Gas has jumped 54 cents to an average of $3.81 per gallon this year. By next month, the price could break the all-time record of $4.11 in July 2008.
Four years ago, car companies didn't have enough fuel-sipping small cars to satisfy buyers, and that hurt sales. But they've put far more emphasis on fuel economy since then, and there's now a wide selection of efficient cars and sport utility vehicles.
Want a car that gets 50 miles per gallon? Check. Need an SUV that gets 30 mpg? Check. Want an electric car that uses no fuel at all? Check.
"The American consumer shopping for a new car is seeing the most fuel-efficient lineup of vehicles ever," says Jesse Toprak, vice president of market intelligence at the auto shopping site TrueCar.com.
Ed Tonkin, who runs 17 dealerships in the Portland, Ore., area, says he's seeing more people trading in trucks and SUVs for gas sippers. Buyers are assuming pump prices will stay high.
"We're getting a lot more interest in higher gas mileage vehicles," Tonkin says.
As always, do the math before committing to a new vehicle, even one that promises to save you money on gas. Hybrids and diesels might offer impressive fuel economy, but they cost more, so be sure you'll drive them long enough to make up that premium. At today's gas prices, for example, it would take about 7.3 years to make up the price difference between a 2012 Toyota Camry hybrid and its gasoline-powered equivalent, according to auto information site Edmunds.com. Downsizing to a smaller car can also save you money, but you may not want to sacrifice the space.
Here are some fuel-saving 2012 models. Fuel economy numbers come from the Environmental Protection Agency. Estimates are based on a typical combination of city and highway driving.
The recent graduate. The newest Toyota hybrid, the Prius c, is a compact hatchback targeted at younger buyers. It gets an estimated 50 miles per gallon, but it starts at nearly $19,000, which is high for many buyers in this bracket. One answer: Go smaller. The Scion iQ, which is just 10 feet long, gets the government's nod as the most fuel-efficient subcompact. The four-seater gets 37 mpg and starts at $15,995. There are plenty of cheaper subcompact cars in the 33 to 34 mpg range. The Nissan Versa four-door starts at $10,990. For a more chiseled, eye-catching design, consider the Hyundai Accent, which starts at $12,545, or the Ford Fiesta, which starts at $13,200.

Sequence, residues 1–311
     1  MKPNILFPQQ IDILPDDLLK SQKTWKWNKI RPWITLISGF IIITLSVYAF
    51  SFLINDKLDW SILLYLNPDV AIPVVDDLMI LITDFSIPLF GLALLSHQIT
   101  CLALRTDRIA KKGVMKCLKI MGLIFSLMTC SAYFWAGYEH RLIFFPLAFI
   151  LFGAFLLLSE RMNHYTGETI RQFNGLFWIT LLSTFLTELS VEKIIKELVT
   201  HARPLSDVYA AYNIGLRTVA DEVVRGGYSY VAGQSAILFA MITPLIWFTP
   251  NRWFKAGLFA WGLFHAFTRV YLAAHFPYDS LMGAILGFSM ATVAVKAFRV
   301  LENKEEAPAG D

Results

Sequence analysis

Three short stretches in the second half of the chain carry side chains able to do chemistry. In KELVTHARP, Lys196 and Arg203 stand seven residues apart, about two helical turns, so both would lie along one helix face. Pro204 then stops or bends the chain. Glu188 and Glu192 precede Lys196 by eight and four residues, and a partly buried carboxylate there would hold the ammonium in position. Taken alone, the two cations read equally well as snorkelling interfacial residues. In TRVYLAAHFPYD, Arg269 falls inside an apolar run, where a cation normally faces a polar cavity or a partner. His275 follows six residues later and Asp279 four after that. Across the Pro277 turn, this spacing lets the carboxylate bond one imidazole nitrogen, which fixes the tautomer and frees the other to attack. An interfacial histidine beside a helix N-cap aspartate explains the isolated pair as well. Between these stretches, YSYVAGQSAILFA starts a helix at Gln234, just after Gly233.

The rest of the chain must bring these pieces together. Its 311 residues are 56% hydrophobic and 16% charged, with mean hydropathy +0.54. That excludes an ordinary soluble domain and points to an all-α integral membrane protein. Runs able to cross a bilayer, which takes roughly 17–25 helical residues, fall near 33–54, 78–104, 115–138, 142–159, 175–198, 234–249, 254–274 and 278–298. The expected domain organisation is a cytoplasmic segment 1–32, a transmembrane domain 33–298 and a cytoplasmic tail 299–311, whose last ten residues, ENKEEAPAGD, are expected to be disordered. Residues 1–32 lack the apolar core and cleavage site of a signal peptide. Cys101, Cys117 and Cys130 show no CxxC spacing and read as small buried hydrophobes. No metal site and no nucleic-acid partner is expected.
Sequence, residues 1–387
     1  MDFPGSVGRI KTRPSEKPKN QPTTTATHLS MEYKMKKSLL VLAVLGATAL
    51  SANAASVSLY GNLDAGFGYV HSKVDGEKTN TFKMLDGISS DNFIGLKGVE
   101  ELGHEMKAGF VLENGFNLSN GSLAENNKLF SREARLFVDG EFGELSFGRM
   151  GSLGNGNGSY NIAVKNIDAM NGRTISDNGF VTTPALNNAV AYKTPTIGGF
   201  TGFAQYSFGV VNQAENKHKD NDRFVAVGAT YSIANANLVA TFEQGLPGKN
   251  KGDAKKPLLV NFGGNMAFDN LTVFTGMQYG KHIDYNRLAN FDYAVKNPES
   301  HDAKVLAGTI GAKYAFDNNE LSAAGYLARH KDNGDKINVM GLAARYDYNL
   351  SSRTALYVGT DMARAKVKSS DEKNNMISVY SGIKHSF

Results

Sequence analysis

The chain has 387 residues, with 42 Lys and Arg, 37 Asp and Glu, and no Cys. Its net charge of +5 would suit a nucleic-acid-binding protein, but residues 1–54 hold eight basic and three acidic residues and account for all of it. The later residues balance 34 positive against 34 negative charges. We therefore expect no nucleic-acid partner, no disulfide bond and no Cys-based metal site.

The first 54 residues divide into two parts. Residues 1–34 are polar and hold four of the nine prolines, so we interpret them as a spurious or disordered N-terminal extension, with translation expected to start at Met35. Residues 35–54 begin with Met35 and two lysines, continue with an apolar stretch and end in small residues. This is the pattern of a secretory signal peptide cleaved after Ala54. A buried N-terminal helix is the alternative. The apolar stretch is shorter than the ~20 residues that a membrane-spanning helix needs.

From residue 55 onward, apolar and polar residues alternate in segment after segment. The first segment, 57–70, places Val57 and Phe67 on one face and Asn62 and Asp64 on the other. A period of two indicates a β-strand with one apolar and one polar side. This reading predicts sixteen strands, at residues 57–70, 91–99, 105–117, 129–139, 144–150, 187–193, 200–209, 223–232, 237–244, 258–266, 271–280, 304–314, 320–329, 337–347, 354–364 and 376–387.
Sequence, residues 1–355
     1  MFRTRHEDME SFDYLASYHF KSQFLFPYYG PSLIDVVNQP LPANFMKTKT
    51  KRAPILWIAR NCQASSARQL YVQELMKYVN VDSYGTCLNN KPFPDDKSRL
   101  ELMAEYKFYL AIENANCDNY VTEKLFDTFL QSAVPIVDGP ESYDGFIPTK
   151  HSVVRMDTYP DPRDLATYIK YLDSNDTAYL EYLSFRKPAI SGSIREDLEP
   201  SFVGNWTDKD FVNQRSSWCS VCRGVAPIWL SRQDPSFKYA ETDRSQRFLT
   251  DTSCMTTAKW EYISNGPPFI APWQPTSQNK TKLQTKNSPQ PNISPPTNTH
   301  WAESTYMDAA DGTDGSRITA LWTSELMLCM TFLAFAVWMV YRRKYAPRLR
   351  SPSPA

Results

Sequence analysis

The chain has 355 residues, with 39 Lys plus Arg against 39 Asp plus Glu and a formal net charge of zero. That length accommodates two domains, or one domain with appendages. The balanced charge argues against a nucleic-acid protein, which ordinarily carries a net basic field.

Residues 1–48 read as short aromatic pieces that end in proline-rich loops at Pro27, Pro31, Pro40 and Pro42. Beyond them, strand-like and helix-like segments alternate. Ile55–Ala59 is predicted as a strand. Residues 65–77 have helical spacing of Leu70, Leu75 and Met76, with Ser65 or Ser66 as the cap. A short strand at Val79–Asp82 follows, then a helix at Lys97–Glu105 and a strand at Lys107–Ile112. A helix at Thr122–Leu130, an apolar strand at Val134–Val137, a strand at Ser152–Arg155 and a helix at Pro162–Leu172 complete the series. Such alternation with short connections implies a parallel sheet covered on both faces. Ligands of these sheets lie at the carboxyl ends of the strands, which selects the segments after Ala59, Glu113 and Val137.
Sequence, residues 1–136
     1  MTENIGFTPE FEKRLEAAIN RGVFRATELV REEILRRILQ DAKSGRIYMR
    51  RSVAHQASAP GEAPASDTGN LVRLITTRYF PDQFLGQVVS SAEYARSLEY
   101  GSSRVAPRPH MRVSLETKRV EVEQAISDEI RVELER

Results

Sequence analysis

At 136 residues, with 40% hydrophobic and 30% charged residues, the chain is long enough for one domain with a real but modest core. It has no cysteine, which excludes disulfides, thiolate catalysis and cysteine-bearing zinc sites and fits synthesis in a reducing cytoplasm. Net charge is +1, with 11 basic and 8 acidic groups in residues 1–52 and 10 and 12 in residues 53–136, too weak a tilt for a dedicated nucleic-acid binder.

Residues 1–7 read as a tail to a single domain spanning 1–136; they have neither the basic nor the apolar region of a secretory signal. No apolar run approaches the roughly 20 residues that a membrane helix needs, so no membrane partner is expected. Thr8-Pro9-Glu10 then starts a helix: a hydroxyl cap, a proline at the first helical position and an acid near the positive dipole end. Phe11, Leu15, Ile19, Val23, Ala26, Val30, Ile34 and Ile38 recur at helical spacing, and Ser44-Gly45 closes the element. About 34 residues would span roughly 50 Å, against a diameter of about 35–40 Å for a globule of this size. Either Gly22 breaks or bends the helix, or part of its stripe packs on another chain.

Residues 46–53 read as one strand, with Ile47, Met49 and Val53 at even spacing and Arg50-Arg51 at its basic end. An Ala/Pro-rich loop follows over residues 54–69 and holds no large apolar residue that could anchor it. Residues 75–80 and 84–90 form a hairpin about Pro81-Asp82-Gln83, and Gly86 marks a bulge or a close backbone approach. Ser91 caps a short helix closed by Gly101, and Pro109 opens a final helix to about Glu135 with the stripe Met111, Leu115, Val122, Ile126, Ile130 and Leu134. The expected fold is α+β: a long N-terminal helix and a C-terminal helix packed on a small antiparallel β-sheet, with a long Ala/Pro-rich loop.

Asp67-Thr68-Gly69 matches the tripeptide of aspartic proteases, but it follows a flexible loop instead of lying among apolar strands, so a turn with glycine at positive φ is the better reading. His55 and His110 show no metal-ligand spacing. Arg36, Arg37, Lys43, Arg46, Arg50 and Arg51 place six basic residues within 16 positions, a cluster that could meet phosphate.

The family of four. The Ford Escape hybrid is a midsize SUV that gets 32 mpg, the highest in its category. But at $30,570, it's $9,000 more than a base model Escape. There are several non-hybrid, five-seat SUVs that get 26 mpg and cost under $25,000. They include the Chevrolet Equinox, Honda CR-V and Hyundai Tucson.
You can get even better fuel economy if you can pack your family into a midsize sedan. The Kia Optima has one of the lower-priced hybrid sedans on the market. It gets 37 mpg and starts at $25,700 -- or $4,700 more than the gas version. Diesel cars, which are around 30 percent more efficient, can also save you money at the pump. Volkswagen has two diesels that cost around $26,000 (or $6,000 more than the regular gas versions): the 34-mpg Jetta SportWagon and the 35-mpg Passat midsize sedan. Diesel fuel is currently around 30 cents more than regular gas, so that will cut into the amount you save.
Going electric. Manufacturers are still working out the kinks in electric cars. Consider General Motors' recent decision to fix the Chevy Volt's battery to decrease the risk of fires after crashes. Then there's the question of refueling. On the road, recharging stations are still few and far between, and some drivers worry they'll run out of juice on longer trips. At home, electric cars can be charged from an outlet, but it's slower than a charging station. You have to pay to install a station in your garage -- if you have one. But for some drivers, it's exhilarating to be among the first to own a gas-free or nearly gas-free car.
The Mitsubishi i -- on sale now on the West Coast --will roll out to other states later this year. It's the most efficient car in the U.S., with a miles-per-gallon equivalent of 112 -- that's a measure of how much energy it uses -- and estimated annual electric costs of $550. It starts at $29,125. For buyers concerned about how far they can drive on a charge, the Volt has a backup gas engine that kicks in when its battery is drained. The Volt is $39,145. All electric cars are currently eligible for a $7,500 tax credit.
The luxury buyer. Even if you have money to spend, you don't want to blow it at the gas pump. Buick's eAssist system, which uses battery power to boost the gas engine's fuel economy, helps both the sporty Buick Regal and the Buick LaCrosse sedan get 29 mpg. Both cars cost around $30,000. Several other luxury models are in the 28-mpg range, like the $34,900 BMW 328i. Beware: They use premium gas, which costs more. There's also luxury hybrids, such as the Lexus CT 200h, a small car that gets 42 mpg and starts at $29,120; and the larger Lincoln MKZ, which gets 39 mpg and starts at $34,755. And if money is no object? Tesla's all-electric Roadster sports car will set you back $130,450.